China’s housing prices continued to rise for the fourth straight month in July, according to an official government survey, with the country’s largest cities showing the fastest price increases.
A report on China’s real estate market by the National Bureau of Statistics found that across the 70 cities surveyed, average home prices including subsidised units were up by 0.15 percent compared to June.
While price growth slowed in July slowed compared to June’s 0.17 percent clip, the continuing strength in the housing market across the summer months could indicate a more substantial recovery in the autumn.
Big Four Cities Dominate Growth
During July China’s four largest cities grew faster than the other 66 communities surveyed, demonstrating the concentration of China’s economic strength in its urban areas. Shenzhen led all cities nationwide last month with a 6.26 percent increase in average home prices compared to June. Next in line were Shanghai with a 1.65 percent increase, Guangzhou with 1.19 percent and Beijing with 1.07 percent.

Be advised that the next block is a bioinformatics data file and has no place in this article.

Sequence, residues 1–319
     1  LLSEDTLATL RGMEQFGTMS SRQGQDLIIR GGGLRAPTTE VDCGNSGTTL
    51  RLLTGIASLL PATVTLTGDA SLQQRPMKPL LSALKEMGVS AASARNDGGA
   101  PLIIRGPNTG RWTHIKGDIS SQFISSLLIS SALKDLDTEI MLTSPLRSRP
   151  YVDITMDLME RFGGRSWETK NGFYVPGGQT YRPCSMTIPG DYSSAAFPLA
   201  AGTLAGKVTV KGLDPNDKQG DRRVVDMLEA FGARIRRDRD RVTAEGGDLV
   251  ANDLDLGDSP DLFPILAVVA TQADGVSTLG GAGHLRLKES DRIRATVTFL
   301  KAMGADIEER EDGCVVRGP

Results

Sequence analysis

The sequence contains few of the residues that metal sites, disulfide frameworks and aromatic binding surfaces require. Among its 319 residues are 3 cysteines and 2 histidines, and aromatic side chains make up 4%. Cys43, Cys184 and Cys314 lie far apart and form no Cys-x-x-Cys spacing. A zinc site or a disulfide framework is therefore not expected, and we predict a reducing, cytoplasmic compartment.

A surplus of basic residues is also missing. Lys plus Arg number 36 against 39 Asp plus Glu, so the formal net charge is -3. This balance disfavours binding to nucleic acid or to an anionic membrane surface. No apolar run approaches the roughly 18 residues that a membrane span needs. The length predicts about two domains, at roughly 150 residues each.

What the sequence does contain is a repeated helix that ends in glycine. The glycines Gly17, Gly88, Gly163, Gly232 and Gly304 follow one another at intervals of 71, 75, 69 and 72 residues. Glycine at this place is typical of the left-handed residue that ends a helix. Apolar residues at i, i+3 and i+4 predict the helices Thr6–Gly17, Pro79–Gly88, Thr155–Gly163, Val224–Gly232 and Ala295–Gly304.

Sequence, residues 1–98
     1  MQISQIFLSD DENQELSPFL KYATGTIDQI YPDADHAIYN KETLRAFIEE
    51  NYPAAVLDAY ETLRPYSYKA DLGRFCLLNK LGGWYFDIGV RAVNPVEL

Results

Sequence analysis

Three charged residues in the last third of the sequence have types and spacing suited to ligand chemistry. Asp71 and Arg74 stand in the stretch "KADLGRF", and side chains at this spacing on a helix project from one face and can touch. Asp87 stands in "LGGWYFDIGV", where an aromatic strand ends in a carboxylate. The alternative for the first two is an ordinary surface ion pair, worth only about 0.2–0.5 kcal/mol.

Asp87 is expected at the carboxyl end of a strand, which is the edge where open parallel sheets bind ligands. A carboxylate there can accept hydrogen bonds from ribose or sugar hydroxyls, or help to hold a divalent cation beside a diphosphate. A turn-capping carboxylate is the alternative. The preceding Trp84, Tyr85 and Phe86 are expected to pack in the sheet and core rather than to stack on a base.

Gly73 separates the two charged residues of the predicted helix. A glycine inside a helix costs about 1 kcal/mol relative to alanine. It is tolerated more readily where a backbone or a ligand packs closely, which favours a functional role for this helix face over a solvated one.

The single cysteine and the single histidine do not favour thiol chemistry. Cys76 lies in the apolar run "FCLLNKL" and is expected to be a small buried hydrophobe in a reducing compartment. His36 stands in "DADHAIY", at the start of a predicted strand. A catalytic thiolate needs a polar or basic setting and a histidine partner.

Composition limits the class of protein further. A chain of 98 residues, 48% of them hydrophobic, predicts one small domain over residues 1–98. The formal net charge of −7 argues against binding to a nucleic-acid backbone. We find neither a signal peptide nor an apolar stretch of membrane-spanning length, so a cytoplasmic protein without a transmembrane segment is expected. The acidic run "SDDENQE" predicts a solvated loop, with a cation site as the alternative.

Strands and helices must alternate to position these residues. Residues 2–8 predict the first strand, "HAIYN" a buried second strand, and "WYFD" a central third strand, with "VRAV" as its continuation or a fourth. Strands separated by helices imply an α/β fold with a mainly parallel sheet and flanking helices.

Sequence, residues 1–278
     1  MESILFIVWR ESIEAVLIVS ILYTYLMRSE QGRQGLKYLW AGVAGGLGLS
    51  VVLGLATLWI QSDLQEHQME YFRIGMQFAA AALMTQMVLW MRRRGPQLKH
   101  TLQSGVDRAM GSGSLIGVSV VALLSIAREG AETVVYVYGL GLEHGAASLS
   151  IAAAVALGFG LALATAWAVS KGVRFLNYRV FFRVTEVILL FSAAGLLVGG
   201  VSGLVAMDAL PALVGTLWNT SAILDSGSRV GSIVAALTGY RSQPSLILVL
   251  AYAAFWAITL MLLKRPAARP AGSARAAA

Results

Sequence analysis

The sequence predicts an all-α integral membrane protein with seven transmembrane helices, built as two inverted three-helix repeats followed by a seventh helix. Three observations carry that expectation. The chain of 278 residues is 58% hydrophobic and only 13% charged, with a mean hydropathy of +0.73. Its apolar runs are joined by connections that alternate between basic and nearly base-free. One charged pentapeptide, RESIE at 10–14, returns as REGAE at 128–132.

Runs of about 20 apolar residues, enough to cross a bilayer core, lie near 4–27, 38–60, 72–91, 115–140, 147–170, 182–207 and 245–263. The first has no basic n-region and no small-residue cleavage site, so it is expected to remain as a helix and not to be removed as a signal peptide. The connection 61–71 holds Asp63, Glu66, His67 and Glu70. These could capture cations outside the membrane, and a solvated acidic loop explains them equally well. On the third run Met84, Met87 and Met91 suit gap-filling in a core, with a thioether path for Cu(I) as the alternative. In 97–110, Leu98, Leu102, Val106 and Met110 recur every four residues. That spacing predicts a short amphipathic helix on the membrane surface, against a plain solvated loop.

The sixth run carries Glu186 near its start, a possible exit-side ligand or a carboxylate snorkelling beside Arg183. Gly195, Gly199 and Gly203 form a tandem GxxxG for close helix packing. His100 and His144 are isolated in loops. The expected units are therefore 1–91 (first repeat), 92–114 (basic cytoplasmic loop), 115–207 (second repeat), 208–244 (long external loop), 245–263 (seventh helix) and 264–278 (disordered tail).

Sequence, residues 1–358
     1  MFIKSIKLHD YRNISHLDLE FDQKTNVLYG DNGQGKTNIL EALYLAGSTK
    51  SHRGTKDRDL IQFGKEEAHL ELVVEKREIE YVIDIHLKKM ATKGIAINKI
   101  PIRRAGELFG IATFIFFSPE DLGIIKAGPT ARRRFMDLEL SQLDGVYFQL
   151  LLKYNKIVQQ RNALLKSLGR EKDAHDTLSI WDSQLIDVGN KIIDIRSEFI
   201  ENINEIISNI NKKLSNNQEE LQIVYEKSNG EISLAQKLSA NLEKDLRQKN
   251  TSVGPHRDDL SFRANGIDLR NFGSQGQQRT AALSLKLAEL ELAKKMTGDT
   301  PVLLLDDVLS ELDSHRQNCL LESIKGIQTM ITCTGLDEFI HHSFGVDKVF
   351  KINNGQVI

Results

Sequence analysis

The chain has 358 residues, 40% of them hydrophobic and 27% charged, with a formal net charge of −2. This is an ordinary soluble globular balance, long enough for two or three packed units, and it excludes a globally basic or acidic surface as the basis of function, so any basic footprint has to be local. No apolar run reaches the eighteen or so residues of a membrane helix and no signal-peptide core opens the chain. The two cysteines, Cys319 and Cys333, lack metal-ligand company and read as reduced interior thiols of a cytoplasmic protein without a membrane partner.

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Despite the continuing strong performance in the big cities, and an increase in average home prices across all 70 cities, the number of cities reporting prices increases stayed stable at 30 for the second month in a row. 31 out of the 70 cities reported that prices continued to fall, while nine cities reported no change in prices from June to July.
In terms of value, sales of housing are up by over 16 percent in 2015 compared to last year, according to a separate report by the bureau this week. The increase in sales is helping to drive higher prices in the largest cities, where supply is scarce, but many smaller communities still suffer from large inventories of unsold homes.
China’s stock of buyerless housing rose to 430 million square metres in July, an 18.1 percent increase compared to the same period of last year.
Prices Still Below 2014 Levels
The good news for China’s government is that several rounds of policy tweaks and interest rate cuts have pulled the housing market out of its year-long slump. However, even after four months of rising rates, average home prices in July remained 5.27 percent below the same period last year.
With the nation’s gyrating stock market having scared away many retail investors, however, the prospects for continued recovery in housing prices look good for the rest of the year.